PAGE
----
Studies have shown that obesity is linked with increased risks of developing cancers of the esophagus, the pancreas, the colon, the breast (in both men and women), the uterus, the kidney, the thyroid, and the gallbladder.
Studies have shown that obesity is linked to increased risks of cancer.
Obesity, the condition in which a person’s Body Mass Index (BMI) is higher than 30, has been found to affect his or her health. Overweight and obesity are associated with life-threatening diseases such as heart disease and type 2 diabetes.
In addition to these conditions, it has also been proven that there is a relationship between obesity and cancer. Studies have shown that obesity is linked with increased risks of developing cancers of the esophagus, the pancreas, the colon, the breast (in both men and women), the uterus, the kidney, the thyroid, and the gallbladder.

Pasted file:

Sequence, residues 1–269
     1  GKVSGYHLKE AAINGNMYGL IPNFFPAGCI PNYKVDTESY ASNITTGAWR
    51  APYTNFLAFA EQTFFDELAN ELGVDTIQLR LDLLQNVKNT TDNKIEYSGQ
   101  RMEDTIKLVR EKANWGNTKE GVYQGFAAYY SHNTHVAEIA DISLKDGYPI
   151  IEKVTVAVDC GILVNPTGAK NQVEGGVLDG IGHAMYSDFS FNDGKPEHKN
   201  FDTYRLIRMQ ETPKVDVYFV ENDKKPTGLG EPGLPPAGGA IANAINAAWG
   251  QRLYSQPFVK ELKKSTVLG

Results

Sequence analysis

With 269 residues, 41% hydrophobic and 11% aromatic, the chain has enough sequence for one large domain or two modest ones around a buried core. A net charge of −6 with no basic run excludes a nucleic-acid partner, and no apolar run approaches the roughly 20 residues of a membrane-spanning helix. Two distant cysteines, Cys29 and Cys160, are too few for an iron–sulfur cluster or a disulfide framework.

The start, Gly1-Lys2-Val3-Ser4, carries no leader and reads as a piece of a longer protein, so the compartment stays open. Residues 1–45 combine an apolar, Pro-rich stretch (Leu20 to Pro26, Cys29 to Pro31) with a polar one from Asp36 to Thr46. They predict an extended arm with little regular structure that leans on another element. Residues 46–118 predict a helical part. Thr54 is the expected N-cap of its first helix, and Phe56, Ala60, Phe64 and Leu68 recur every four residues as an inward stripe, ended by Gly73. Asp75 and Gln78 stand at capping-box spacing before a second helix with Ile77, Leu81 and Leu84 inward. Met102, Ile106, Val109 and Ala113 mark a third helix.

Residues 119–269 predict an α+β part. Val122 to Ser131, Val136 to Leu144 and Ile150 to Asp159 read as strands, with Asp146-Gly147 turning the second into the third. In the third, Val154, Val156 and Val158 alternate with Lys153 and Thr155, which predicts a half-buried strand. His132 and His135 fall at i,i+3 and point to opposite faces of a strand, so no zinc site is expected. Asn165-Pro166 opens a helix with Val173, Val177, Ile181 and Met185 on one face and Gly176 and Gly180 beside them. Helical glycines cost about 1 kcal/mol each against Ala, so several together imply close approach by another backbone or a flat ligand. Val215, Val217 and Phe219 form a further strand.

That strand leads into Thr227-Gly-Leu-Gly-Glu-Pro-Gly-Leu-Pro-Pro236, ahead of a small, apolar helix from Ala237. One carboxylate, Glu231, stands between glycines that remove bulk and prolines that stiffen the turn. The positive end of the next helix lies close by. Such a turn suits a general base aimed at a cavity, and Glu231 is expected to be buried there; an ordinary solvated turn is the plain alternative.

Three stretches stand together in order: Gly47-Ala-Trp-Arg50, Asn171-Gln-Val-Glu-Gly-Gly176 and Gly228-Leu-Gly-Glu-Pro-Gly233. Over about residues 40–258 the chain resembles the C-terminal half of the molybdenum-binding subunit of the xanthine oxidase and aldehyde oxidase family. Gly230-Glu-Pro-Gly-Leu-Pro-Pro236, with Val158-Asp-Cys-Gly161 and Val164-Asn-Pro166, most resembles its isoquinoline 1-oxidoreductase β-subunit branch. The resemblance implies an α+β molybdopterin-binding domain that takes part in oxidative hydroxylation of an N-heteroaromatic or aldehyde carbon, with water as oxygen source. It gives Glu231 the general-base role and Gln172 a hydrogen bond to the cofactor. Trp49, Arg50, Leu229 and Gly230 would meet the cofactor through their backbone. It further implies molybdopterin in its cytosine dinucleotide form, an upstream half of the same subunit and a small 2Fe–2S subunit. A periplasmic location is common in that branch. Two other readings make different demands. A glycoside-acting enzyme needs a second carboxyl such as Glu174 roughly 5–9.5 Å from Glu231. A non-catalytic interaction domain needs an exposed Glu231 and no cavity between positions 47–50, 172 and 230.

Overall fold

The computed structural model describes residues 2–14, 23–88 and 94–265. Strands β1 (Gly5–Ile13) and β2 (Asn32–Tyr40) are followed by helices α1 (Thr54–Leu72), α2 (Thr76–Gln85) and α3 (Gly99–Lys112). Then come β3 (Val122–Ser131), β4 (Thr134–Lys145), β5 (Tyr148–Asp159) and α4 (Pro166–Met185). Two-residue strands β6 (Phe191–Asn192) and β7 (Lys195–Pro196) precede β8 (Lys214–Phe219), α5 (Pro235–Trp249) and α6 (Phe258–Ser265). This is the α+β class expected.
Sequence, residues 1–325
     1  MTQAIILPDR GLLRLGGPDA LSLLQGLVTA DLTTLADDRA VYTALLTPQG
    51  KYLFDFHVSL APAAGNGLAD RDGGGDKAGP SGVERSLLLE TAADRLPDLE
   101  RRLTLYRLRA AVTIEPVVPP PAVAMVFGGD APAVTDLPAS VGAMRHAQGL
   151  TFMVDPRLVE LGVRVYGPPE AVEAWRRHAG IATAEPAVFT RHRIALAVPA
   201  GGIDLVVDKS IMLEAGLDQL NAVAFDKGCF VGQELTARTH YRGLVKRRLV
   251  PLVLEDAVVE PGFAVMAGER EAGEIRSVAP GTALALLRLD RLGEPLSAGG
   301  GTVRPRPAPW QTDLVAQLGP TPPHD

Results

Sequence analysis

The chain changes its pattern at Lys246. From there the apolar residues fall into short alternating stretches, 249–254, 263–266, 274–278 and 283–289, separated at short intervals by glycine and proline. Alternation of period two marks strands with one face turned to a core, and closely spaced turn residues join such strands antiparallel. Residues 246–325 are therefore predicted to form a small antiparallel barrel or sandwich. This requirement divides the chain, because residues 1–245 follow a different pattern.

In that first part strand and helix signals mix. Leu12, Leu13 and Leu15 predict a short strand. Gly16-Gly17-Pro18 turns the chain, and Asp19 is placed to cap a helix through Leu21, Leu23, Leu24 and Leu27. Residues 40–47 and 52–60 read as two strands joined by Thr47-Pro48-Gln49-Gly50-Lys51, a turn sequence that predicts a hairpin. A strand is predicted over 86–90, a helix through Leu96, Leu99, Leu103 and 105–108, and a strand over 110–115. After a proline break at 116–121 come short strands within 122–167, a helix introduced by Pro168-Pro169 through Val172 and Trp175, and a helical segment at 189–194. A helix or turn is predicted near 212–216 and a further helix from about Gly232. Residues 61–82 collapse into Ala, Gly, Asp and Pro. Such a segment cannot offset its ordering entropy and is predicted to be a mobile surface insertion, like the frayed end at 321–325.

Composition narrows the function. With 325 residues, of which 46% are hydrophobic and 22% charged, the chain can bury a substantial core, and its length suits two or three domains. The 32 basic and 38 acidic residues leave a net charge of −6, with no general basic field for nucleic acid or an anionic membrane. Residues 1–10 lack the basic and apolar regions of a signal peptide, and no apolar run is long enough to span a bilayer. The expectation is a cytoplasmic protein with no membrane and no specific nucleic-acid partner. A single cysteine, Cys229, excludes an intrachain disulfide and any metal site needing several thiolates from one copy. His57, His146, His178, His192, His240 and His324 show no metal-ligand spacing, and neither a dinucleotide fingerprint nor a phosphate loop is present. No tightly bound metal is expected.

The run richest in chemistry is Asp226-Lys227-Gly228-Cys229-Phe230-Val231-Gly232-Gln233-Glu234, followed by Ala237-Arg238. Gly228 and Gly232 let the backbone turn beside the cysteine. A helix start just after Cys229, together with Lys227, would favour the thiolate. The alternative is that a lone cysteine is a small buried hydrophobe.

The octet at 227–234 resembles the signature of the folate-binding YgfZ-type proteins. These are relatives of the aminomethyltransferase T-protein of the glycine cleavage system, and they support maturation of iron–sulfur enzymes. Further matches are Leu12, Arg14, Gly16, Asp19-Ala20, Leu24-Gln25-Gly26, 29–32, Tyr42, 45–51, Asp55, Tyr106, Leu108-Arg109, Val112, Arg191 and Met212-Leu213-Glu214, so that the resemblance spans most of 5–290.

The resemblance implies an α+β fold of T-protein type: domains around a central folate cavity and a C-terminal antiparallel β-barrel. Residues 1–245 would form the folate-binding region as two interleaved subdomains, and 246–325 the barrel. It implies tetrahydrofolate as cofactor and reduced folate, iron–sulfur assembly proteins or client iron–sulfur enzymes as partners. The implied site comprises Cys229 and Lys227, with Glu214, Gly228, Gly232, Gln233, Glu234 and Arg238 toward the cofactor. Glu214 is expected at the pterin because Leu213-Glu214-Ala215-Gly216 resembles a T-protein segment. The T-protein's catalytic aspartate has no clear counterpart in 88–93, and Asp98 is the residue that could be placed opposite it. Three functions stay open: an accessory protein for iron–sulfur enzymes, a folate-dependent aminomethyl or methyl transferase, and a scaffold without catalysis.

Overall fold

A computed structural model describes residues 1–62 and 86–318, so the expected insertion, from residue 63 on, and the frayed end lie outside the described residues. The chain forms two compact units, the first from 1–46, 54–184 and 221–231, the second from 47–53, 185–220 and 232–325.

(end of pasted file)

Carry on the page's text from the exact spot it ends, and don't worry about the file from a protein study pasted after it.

A study conducted in the United States found that, during one year, 4 percent of cancer cases among men and 7 percent among women were caused by obesity.
– The link between obesity and cancer risk has not yet been clearly identified, but scientists have proposed multiple explanations to how obesity affects our chances of developing cancer.
– The more fat tissue your body contains, the higher the level of estrogen, which has been linked to many cancers, namely breast cancer and uterus cancer.
– Insulin resistance is a common condition among obese people. High levels of insulin in the blood have been associated with increased growth of certain tumors.
– Certain hormones are produced by fat cells. Some of these hormones, such as leptin, are more abundant in obese people and encourage the multiplication of cancer cells.
Can it be prevented?
It would be difficult to conclude whether losing weight lowers your chances of developing cancer because weight is not the only factor that determines a person’s susceptibility for cancer.